ProShares wants to change the way it runs its new Bitcoin futures ETF less than a week after it debuted with a bang.
ProShares CEO Michael Sapir told ULTCOIN365 that his company has applied for a trading limit exemption at the Chicago Mercantile Exchange, where it purchases futures contracts for its Bitcoin ETF, and that ProShares will seek permission to invest in other types of derivatives contracts.
On Twitter, ETF analyst Eric Balchunas confirmed the news: “Barron’s article confirms what I’ve been hearing as well, that ProShares is filing to be exempt from CME position limits AND they can use swaps if necessary.” Both would undoubtedly be extremely beneficial in terms of maintaining exposure if $BITO continues to grow.
The CME sets a limit of 2,000 Bitcoin futures contracts that expire in the same month. ProShares can only hold 4,000 contracts in November and 5,000 total. ProShares currently holds 2,133 contracts for November and 1,679 contracts for October, representing 76 percent of its maximum.
The ETF invests 25% of investors’ funds in a Cayman Islands subsidiary, which then instructs that subsidiary to purchase Bitcoin futures on the Chicago Mercantile Exchange. The ETF’s assets under management have risen to more than $1 billion since its launch on Tuesday.
ProShares is currently investing the remaining 75% in treasury securities and the repo market. To gain leverage on its investments, ProShares borrows money from the repo market. ProShares uses this leveraged cash to invest in futures contracts, which are cash-settled bets on the future price of Bitcoin.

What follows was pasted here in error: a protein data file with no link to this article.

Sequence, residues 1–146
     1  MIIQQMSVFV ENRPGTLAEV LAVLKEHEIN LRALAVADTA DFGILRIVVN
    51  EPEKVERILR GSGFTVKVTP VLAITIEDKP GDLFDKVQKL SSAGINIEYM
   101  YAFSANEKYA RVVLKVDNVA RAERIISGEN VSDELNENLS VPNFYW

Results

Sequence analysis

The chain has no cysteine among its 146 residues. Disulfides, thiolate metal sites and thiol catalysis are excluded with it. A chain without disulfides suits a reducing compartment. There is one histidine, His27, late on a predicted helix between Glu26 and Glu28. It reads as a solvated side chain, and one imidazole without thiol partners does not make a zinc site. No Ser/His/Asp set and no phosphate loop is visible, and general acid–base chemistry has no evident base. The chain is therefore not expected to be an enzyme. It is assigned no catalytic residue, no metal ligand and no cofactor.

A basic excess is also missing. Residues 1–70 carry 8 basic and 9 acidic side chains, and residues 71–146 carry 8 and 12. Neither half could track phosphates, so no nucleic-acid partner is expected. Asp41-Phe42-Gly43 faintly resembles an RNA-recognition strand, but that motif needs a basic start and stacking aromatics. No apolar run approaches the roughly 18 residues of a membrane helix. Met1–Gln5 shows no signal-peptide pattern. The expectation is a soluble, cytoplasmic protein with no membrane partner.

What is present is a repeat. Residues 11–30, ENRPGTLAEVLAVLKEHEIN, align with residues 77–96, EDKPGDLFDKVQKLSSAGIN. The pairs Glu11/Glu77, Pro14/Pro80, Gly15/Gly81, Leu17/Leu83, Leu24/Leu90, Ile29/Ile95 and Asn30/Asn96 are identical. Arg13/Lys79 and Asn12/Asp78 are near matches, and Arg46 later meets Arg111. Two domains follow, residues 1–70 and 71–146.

The fund does this regardless of market conditions. If the price of Bitcoin rises, ProShares profits from those bets. It would use those profits to generate and borrow money from the money market in order to purchase Bitcoin futures contracts. If Bitcoin falls in value, ProShares will lose the cash-settled bets, and its cash and Bitcoin holdings will shrink.
According to Sapir, ProShares is considering investing the remaining 75% in assets other than treasury or repo securities. He suggested that it could invest in future-dated contracts, swaps, or structured notes.
On Tuesday, ProShares released a prospectus that went into great detail about this. The fund “may,” after consulting with the SEC’s staff, “invest in other products that correlate with the price of Bitcoin and other cryptocurrencies.”
ProShares also stated that it may invest in stocks that are related to the cryptocurrency market, such as Bitcoin miner Riot or MicroStrategy, a cloud computing firm in the United States that went crazy for Bitcoin around this time last year.